World Book History #5: Jailbirds: Lessons From A Women’s Prison

Image credit: Grazia Horwitz Flickr

Between 2014-2017, UK-based writer and charity worker Mim Skinner worked in prisons as an art teacher. Jailbirds: Lessons from a Women’s Prison is the product of running various creative courses for inmates in a women’s institution. The mainstream UK press is quick to cover occurrences in men’s prisons, but just like in wider society, women’s prisons are a blind spot for many and hardly ever feature in the wider discussion around the criminal justice system. Jailbirds seeks to change that.

In her introduction, Skinner writes that ‘we hear headlines and news reports and Jeremy Kyle’s views, of course, but rarely hear the individual stories of those whose lives are tangled up in the criminal justice system’. This quote entails almost everything Skinner is attempting to do with the book; change the perception of women in prison and attitudes towards prison in general.

Whether dealing with drugs, mental health or intimately feminine issues like pregnancy, Skinner focuses on tackling stigma. This is not just the stigma around women in prison, but also addiction and the decisions people make when in the most desperate of situations. It’s easy to look and judge from afar, but one can never know how they’d behave or react until they were in that situation.

An interview with a series of American female prisoners. A different country but with many of the same issues.

One of the biggest problems people face upon release is rehabilitation back into everyday life and the ongoing mental health of those struggling to adapt. As Skinner writes at one point, ‘The NHS and prison budgets, it seemed, could stretch to pills but rarely to CBT or counselling’. The problem is that oftentimes these people aren’t seen as redeemable, but they’re just as capable of contributing to society as anyone else, if given the chance.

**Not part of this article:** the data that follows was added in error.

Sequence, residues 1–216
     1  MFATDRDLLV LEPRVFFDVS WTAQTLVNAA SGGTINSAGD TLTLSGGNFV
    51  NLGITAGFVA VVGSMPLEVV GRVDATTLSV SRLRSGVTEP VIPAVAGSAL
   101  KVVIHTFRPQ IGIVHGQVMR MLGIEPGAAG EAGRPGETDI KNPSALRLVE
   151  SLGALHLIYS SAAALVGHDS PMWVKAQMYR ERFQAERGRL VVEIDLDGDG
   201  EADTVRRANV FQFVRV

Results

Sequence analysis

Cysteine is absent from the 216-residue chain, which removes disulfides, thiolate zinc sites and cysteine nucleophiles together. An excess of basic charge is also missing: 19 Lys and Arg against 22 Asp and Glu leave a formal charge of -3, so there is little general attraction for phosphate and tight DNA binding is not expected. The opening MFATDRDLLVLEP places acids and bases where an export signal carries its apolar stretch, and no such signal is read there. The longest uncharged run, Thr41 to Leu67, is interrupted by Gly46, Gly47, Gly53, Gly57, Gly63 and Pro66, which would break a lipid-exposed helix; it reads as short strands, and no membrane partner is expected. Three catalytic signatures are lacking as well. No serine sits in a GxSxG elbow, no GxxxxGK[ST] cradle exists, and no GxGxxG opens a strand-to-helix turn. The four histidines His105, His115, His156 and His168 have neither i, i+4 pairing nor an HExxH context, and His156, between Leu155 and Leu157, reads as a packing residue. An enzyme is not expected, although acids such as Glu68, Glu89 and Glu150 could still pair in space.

There are consistent examples throughout the book of the residents being encouraged to form a real sense of identity for themselves and as a family. This is particularly pertinent when Skinner writes about one of her classes entitled A Stitch in Time and that ‘this was the first time anyone had asked these women what their dreams for the future might be’.

This is symptomatic of the ignorance of the ruling/upper classes in Britain; those less well-off never feel validated or cared for. This is, of course, something we’ve seen extensively in Britain over the past decade and has been highlighted by Brexit. The socio-economic issues that can contribute to women winding up in prison permeate the rest of society and restoring class balance is imperative if these women are going to be supported upon release.

One paragraph in particular is almost as a call to arms:

                                           ‘If you’re a member of the press, rest assured –

                                           being in prison isn’t nice. It also isn’t that good at

                                           rehabilitating people, because politicians don’t

                                           want to look like they’re putting money into the

                                           prison system rather than the NHS… It’s about time

                                           we acknowledge that both of these institutions

                                           deal with our national health’.

If society is going to become better at supporting women and gaining maximum equality, then it needs to start with those who have the very least. Prisons are centres of punishment, but the discussion around the circumstances that see women deprived and forced into them needs to become more widespread. Jailbirds is helping to kick that narrative into gear.

You can find out what life is really like within women’s prisons by ordering a copy of Jailbirds: Lessons from a Women’s Prison today.

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